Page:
LAHORE: Punjab School Education Department Secretary Abdul Jabbar Shaheen has claimed that 3.7 million children of 5-16 age group have been enrolled in public schools, including 700,000 children in class-I across the province.
By 2015, he says, the department will achieve hundred percent enrolment target and meet the Millennium Development Goals.
However, former Punjab chief secretary Kamran Rasool asked what major change had been brought about in schools environment and imparting of quality education that attracted such a large number of children in schools.
He said corporal punishment, still in vogue, was the major factor that led children to drop out of schools.
These diversified views were expressed at the launch of Annual Status of Education Report (ASER), Punjab, 2013, organised by the Punjab school Education Department in collaboration with the Idara-i-Taleem-o-Aagahi (ITA), at GOR-I on Monday.
Earlier, ITA Director Programmes Dr Baela Raza Jamil explained survey outcomes, stating that the percentage of out-of-school children of 6-16 years of age group was still standing tall at 16 percent in 2013 as was the case in the previous year.
She said some nine per cent children were never enrolled, while seven per cent had dropped out for one reason or the other.
“This is a big blow to the Punjab government as it is focusing enrolment drives in the backdrop of Article 25-A that asks the state to provide free and compulsory education to all children of 5-16 years of age children as well as Millennium Development Goals,” she asserted.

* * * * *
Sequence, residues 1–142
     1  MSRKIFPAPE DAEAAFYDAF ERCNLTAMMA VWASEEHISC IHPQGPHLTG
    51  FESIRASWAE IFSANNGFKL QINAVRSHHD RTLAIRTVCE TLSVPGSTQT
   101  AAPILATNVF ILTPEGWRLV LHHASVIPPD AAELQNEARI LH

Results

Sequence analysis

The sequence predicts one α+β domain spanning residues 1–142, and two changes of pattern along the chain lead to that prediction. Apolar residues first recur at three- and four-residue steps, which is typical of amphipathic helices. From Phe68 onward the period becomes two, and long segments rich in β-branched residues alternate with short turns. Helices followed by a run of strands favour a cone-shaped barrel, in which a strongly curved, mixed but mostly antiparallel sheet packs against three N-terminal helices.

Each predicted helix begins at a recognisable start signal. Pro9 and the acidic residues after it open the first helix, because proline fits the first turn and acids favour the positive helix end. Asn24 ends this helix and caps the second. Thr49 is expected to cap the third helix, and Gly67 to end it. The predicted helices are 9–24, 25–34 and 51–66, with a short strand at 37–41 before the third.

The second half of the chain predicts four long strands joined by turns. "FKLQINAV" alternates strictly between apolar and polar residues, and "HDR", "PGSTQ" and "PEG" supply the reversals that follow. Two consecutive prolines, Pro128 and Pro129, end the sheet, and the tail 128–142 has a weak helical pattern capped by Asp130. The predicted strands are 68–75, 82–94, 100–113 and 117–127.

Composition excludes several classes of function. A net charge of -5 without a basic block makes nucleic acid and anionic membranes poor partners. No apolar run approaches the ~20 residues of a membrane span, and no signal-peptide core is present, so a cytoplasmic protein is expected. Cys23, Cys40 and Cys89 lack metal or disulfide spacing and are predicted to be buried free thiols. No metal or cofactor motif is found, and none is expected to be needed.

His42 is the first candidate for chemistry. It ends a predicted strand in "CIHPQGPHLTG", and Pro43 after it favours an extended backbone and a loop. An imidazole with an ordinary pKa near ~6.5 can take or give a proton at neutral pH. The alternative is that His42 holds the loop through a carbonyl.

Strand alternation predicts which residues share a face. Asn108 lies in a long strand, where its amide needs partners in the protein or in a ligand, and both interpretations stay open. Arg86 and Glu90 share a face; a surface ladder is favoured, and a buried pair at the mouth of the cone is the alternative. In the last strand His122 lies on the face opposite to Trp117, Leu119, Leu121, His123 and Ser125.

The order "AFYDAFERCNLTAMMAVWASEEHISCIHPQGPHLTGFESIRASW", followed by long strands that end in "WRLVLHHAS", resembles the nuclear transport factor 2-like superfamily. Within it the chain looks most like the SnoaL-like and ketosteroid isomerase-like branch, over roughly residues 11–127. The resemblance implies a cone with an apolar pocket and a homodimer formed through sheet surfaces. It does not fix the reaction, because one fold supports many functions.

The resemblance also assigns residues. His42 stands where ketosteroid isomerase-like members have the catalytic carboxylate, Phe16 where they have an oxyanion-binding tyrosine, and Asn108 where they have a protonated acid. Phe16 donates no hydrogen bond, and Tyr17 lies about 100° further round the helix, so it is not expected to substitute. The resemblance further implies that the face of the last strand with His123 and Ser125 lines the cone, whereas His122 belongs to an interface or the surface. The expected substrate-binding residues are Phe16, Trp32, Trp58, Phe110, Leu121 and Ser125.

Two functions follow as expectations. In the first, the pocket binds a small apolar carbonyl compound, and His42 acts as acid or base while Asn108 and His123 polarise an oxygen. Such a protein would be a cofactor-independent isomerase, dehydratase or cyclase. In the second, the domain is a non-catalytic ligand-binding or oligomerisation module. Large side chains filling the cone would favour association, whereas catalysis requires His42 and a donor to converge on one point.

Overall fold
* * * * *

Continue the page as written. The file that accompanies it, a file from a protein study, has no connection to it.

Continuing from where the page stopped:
Ms Jamil said those 84 per cent children enrolled, including 20 per cent in private sector, were also not learning much as their competence in learning English, arithmetic, and language was deplorable.
She said the ASER survey also identified that, in Punjab, children enrolled in private schools were performing better compared to those studying in government schools. The trends in multi-grade teaching across schools are also mixed, Ms Jamil added.
School Education Department Secretary Abdul Jabbar Shaheen said only quality education attracted children to schools and the public schools were now attracting a large number of students.
He said the dropout rate had decreased markedly. He said the government had earmarked Rs11.5 billion for the provision of missing facilities at all girls’ schools across Punjab and boys schools in 11 districts in south Punjab.
Of 53,935 public schools in Punjab, Mr Shaheen said, the number of boy schools was higher while the number of female teachers was higher than male teachers.
He said girls were being provided stipend in 16 districts and the department was also in the process of recruiting 36,000 more teachers in the province.
Human Rights Commission of Pakistan Secretary General I.A. Rehman regretted that nothing was being done to offer meaningful education to children.
He said the ASER survey had gone global as it was being conducted in eight countries and covering almost half of the target world population.
He said the statistics about learning levels of students were quite disturbing, adding that the British Council’s report had also presented devastating analysis in terms of students’ learning levels.
Mr Rehman stressed the children should be taught in mother tongue so that they could pick up their lessons and could study English as a language at a later stage. Saying that Punjab’s education situation was better than other provinces, he expressed grave concern over the quality of education being imparted in other provinces.
He emphasised that all the provinces must be pushed to impart quality education.
Syed Babar Ali, pro-chancellor of Lahore University of Management Sciences, stressed that school education department should develop strong management committees in schools and provide lunch to students to ensure their nourishment.
Planning and Development education advisor Javed Malik, Open Society Foundation’s Nargis Sultana and advisor to chief minister Zakia Shahnawaz also spoke.